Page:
Saw Horse Design & Build

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  • #3445
    Anonymous
    Inactive

    Concerned in case my post count offends others, I thought it may prove best if I begin a fresh thread concerning a saw horse build I carried out a couple of days ago.  The design is one I’ve worked from since before apprenticing as a cabinetmaker almost 45 yrs ago and – although basic – is adaptable to suit most purposes via the addition of tool tray, holes for holdfasts and planing stops and inlet hand holes for use when carrying.

     

    It seems a fairly recent trend has arisen for naming pieces similar to this as saw benches and not saw horses, but – regional semantics aside – either name can be used for these low cutting platforms, whilst taller versions tend to be called trestles (Either folding or fixed frame) and more commonly used as temporary worktop/platform supports.

     

    Here’s a picture of the part completed piece. 🙂

     

     

     

     

    #3450
    Anonymous
    Inactive

    Thanks Gary, it really is appreciated nice job buddy 🙂

    #3455
    Anonymous
    Inactive

    I’m hoping it at least helps someone Ken 🙂  The track of thought I’m following concerns those without work benches and how it’s possible – before aiming for a complete tool kit – for them to become involved in woodworking with minimal financial lay out and equipment.

    In this instance, the tools involved were;

    1.  7tpi handsaw (My outdoor kit tends to involve using throwaway saws and cheap chisels) – Spear & Jackson “Predator” 1st Fix

    2.  Adjustable square – 12″

    3. Sliding Bevel – 8″

    4. Tape measure

    5.  Smoothing plane – #4 Stanley or #04 Record

    6.  Claw hammer – 20 oz

    7.  Bevel Edged chisel – 1″

    8.  Pencil & / or Marking Knife

     

    Additional Tools if prepping rough stock

    1.  Jack Plane – #5 Stanley / #05 Record with cutting edge set to an 8″-12″ radius

     

    Additional Tools – if adding an optional V-shaped crotchet for use when door hanging and/or sawing length-wise on the saw horse

    1.  Bit Brace – I tend to prefer a 10″ sweep when drilling heavier stock, but use whichever size sweep you prefer

    2.  Auger bit – 1-1/4″ dia

     

    Materials

    1.  Pine – 6″ x 2″ PSE (Planed Square Edged)

    2.  Pine – 3″ x 1-1/2″ PSE

    3.  PVA – Outdoor grade

    4.  Nails – Round/Oval Headed @ 2″ x 8 Qty

    #3458
    Anonymous
    Inactive

    In terms of the build in question I used;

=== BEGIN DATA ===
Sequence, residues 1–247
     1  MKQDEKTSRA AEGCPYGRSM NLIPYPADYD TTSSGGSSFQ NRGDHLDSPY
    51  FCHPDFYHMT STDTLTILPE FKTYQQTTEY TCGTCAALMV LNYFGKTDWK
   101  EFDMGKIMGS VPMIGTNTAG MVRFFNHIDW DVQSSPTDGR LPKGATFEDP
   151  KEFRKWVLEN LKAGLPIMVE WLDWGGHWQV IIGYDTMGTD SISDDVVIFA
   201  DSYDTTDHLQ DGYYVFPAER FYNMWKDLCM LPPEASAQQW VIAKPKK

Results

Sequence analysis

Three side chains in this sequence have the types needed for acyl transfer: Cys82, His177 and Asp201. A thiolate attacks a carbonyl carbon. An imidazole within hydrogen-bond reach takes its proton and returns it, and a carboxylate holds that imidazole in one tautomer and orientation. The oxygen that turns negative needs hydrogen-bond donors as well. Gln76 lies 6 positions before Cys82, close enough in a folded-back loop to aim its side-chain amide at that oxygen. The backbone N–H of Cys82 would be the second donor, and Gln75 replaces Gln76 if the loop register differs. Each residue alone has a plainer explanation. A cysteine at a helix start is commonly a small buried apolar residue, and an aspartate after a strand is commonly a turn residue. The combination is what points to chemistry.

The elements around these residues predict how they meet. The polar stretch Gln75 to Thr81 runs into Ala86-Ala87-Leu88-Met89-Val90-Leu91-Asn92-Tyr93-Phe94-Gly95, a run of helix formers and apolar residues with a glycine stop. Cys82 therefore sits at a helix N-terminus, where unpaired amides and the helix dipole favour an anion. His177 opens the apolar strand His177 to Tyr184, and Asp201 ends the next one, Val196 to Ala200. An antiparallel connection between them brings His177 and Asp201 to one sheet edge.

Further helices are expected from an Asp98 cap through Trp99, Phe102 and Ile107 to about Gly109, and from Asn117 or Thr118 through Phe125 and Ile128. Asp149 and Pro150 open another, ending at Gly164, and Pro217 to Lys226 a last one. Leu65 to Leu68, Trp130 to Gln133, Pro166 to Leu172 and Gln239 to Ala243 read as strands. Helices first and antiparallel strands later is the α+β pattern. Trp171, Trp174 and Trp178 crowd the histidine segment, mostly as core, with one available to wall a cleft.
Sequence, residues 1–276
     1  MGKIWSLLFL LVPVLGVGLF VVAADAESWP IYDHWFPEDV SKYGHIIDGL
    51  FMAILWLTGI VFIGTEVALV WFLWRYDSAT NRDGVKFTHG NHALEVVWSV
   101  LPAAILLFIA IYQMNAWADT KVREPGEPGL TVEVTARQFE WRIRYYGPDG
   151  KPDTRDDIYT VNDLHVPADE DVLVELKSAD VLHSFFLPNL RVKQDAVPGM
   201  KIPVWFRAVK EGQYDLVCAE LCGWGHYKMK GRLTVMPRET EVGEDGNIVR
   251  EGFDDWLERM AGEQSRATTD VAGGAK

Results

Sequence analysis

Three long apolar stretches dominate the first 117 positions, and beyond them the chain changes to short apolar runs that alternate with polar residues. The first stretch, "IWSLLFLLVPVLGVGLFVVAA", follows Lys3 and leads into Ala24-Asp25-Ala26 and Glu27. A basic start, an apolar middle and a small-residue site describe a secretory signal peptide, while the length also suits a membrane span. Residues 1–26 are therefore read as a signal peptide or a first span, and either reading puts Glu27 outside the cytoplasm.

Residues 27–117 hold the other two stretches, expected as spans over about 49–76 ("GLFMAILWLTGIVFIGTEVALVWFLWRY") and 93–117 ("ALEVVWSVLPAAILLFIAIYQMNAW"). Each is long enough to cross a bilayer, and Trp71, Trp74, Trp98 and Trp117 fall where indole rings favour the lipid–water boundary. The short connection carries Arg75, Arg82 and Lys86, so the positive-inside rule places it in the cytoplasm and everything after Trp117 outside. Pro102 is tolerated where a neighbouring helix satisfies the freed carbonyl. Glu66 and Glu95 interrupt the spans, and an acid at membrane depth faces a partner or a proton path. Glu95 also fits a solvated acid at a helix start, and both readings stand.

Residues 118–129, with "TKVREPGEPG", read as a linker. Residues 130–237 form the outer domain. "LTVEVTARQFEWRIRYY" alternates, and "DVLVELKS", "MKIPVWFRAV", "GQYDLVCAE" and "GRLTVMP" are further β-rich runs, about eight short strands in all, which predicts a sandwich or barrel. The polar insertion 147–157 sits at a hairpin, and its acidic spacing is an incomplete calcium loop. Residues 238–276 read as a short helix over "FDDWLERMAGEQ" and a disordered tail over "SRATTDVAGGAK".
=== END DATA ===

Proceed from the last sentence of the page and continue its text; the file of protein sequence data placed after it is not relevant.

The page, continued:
1.  Pine – 3″ x 1-1/2″ rough

    2.  Pine – 6″ x 2″ rough

    3.  Nails – Oval 2″ @ 8 Qty

    4.  Polyurethane Glue (I’d ran out of PVA external grade and am awaiting re-supply from my ex-works)

     

    #3471
    Anonymous
    Inactive

    I’ve just attempted to share a Sketchup drawing here, but security protocol disallowed it.  If anyone with Sketchup would like a copy just pm me and I can send via email.

    #3529
    Anonymous
    Inactive

    Sketchup drawing 🙂

     

    Failed to upload again lol

    #3534
    Anonymous
    Inactive

    Got it Gary, many thanks buddy 🙂

    #3537
    Anonymous
    Inactive

    Nice one Ken 🙂  I’ll post a few pic’s of the completed saw horse once I’ve nabbed the connection lead from daughter number three 😀

    #3539
    Anonymous
    Inactive

    Pictures of completed sawhorse 🙂

    #5 WS jack plane and rip saw were placed in an attempt at providing a sense of scale 🙂

    #3545
    Anonymous
    Inactive

    Nice job buddy. I’ll order two please 😉 🙂

    #3546
    Anonymous
    Inactive

    Would that be with or without champagne rack and bespoke speaker system? 🙂

    #3557
    Ron Harper
    Participant

    I like this one. I have a pair of them. Used them a lot today.

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    #4361
    Anonymous
    Inactive

    A very useful saw horse Ron 🙂

    All I can add concerning saw horses regards the detail surrounding stretchers/bracers applied as supports for the legs.  They honestly don’t need to be as robust in section as the legs and can be made using 1-1/2″ x 1″ stock or take the form of 1″ dowel (Through mortised into and pegged/foxtail wedged to retain them), threaded bar, or even rope because their primary task is to prevent the legs from splaying further apart when under load.  Lightweight diagonal bracers can also be used in place of their lateral/longitudinal counterparts.

    In essence, saw horses don’t need to be heavily braced as long as joints and fixings are tight and adequate bracers are fitted when needed for heavier work loads.  I prefer to them to be comparatively lightweight and capable of being stacked.  Longitudinal leg splay tends function best if their feet terminate on the same plain as the top and this prevents problems with tipping whilst in use and makes the top capable of carrying a full loading at any point along it’s length. 🙂

    #4437
    kelly
    Participant

    Because I don’t yet have a work bench, I like Ron’s bench.  It is more of a “bench” rather than a “horse” (IMHO).  I consider it to have additional functionality to the more standard “horse” design.  But I plan to build something similar to both designs.

    The additional functionality in Ron’s would be to use it as a mini workbench by sitting on the piece being worked or, using dogs with wedges or, hold fasts.

    I like and see a use for both designs.  In fact, I’m planning to incorporate several different design elements when I build mine.

    Here are some of the resources I’m getting inspiration from.

    https://www.evernote.com/pub/scroggik/woodworkingsawbench#b=df962ba4-cb6e-499e-9f00-cd1926ffd18e&st=p&n=7ee543f1-8410-4311-8a51-7fbb308d1a5f

     

    Texas, USA

    #4447
    Ron Harper
    Participant

    I really like this design. I have two of them. I use one for mortising also. very handy gizmos

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